Community nonprofit founder Erica Mosca faces paratransit driver and student James Fennell in Assembly District 14’s Democratic primary for the seat of term-limited Assemblywoman Maggie Carlton.
Mosca came to Las Vegas in 2008 to teach fifth grade. After earning a master’s degree in education and policy from Harvard, she launched a nonprofit to prepare teens for college and to return to the community as leaders, which she has been running for a decade.
The daughter of an immigrant from the Philippines and parents who work hourly jobs, she became the first in her family to graduate from college. (Mosca’s father is a pressman at the Review-Journal.)
“I think I have a unique vantage point in that I understand what working people really need and experience, but also know how policies work,” said Mosca, 35, who lost to incumbent Richard Carillo in the Assembly District 18 primary in 2016.
Mosca said she and her husband, a Nellis Air Force Base airman, moved into District 14 in January to be closer to their parents.
James Fennell, who ran unsuccessfully against Carlton in 2020, said that ongoing concerns about crime, safety in schools and a need for better-paying jobs in the district prompted him to try again.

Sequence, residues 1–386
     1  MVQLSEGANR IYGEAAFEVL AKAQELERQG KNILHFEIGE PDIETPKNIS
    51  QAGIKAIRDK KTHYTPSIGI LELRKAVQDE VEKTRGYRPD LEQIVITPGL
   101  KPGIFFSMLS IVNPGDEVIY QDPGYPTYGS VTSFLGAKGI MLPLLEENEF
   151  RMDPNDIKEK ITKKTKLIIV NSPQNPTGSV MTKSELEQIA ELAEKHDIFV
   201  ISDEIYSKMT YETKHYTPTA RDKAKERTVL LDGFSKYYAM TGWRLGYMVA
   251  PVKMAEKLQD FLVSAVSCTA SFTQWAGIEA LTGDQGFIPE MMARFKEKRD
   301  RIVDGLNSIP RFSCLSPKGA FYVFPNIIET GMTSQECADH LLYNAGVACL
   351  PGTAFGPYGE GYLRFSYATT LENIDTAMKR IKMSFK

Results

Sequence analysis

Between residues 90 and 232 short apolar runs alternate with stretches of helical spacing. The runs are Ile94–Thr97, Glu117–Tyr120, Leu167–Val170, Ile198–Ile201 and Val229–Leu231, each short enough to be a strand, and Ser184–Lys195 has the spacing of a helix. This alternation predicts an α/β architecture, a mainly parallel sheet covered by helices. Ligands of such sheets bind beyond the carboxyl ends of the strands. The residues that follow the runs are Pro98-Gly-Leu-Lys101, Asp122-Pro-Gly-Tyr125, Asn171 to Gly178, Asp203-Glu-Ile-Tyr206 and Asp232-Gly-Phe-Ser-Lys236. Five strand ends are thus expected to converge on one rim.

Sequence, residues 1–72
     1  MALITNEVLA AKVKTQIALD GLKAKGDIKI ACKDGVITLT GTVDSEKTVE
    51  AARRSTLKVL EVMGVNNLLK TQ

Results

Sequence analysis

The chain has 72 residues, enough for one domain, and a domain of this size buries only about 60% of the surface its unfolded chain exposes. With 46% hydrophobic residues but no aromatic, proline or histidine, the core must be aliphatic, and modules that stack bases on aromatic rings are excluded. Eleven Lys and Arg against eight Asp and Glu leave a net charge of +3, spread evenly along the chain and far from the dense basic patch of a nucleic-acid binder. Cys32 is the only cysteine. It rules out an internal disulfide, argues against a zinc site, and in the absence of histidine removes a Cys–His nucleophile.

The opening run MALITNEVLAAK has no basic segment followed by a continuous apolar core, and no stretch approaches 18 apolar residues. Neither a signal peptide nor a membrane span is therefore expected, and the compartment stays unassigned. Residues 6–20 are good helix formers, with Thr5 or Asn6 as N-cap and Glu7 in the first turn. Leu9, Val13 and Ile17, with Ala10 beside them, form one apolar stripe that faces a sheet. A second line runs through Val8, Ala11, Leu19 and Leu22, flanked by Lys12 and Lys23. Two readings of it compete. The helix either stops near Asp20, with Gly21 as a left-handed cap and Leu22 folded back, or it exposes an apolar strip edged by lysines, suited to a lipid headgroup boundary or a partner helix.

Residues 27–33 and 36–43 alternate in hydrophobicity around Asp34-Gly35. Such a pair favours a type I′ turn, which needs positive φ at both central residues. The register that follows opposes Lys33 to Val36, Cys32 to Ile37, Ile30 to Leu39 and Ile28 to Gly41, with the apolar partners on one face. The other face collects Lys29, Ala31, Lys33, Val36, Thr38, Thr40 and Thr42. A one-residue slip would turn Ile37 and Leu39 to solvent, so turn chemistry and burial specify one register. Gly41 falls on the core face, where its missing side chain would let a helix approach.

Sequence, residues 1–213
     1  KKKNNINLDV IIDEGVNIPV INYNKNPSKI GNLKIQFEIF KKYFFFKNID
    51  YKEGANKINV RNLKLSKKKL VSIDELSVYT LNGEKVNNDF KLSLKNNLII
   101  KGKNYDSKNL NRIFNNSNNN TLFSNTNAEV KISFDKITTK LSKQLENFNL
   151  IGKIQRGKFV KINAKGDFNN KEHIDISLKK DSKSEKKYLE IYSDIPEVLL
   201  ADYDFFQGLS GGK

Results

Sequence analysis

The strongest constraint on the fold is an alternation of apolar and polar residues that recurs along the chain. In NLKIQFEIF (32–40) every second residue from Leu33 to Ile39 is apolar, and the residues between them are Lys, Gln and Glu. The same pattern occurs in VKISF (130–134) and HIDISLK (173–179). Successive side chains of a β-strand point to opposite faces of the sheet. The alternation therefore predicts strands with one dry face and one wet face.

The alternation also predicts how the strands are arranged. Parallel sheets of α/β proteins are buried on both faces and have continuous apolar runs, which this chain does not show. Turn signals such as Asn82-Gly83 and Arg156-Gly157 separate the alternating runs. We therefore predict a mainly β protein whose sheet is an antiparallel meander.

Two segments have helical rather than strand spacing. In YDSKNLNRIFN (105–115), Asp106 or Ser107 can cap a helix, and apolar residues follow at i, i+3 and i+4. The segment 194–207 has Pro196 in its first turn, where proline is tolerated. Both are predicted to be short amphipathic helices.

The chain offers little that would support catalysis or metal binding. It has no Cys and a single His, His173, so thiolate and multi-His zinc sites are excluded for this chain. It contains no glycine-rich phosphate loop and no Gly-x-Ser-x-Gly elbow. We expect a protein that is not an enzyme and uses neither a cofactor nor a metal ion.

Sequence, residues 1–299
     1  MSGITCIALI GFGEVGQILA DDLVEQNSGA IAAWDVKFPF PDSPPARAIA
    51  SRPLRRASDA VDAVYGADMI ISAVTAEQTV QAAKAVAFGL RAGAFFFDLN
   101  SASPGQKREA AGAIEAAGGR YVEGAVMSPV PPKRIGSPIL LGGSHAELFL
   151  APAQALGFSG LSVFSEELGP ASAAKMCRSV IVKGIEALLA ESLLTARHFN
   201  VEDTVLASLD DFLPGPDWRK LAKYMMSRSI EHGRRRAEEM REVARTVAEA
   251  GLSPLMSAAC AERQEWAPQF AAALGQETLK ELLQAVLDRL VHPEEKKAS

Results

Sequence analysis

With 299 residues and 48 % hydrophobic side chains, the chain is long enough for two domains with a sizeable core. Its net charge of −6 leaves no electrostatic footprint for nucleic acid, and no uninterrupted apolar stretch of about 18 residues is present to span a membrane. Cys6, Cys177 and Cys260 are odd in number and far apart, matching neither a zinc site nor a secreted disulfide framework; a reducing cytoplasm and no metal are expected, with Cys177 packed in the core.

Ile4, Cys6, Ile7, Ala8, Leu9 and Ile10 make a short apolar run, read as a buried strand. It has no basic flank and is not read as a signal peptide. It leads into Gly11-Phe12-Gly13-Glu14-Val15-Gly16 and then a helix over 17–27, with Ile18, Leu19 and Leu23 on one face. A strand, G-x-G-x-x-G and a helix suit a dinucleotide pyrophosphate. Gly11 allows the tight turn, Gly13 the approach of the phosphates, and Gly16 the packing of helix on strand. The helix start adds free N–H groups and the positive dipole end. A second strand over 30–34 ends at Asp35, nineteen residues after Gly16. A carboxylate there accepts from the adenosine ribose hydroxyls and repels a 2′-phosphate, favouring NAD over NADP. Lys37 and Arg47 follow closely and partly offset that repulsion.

“There are people out here who are struggling every day, me included,” said Fennell, 36, who is studying social work at College of Southern Nevada. “I feel like I’ll be that champion for the middle-class, people who are living paycheck to paycheck.”
Both candidates named improving the education system as a top priority.
Mosca said she wants to look at ways to address the teacher shortage, such as removing barriers to teach in Nevada for teachers from other states and those considering teaching as a second career.
Fennell favors pay increases for teachers.
Fennell, whose father was a bystander killed in a drive-by shooting in Los Angeles, said he also wants to see more prison prevention and rehabilitation programs. He said that before moving to Las Vegas, he was briefly jailed and served a year of probation after being stopped in car driven by a friend that he did not know was stolen.
Mosca said she used her own savings to launch her nonprofit Leaders in Training, which today has a half-million dollar budget.
“I really have some business acumen but also consider myself a social justice advocate,” said Mosca, who has been endorsed by the Nevada Assembly Democratic Caucus and labor unions. Fennell said he has yet to receive an endorsement, which he attributes to having run against a popular incumbent two years ago.
The winner of the Democratic primary will face Republican Shawn Stamper in the general election.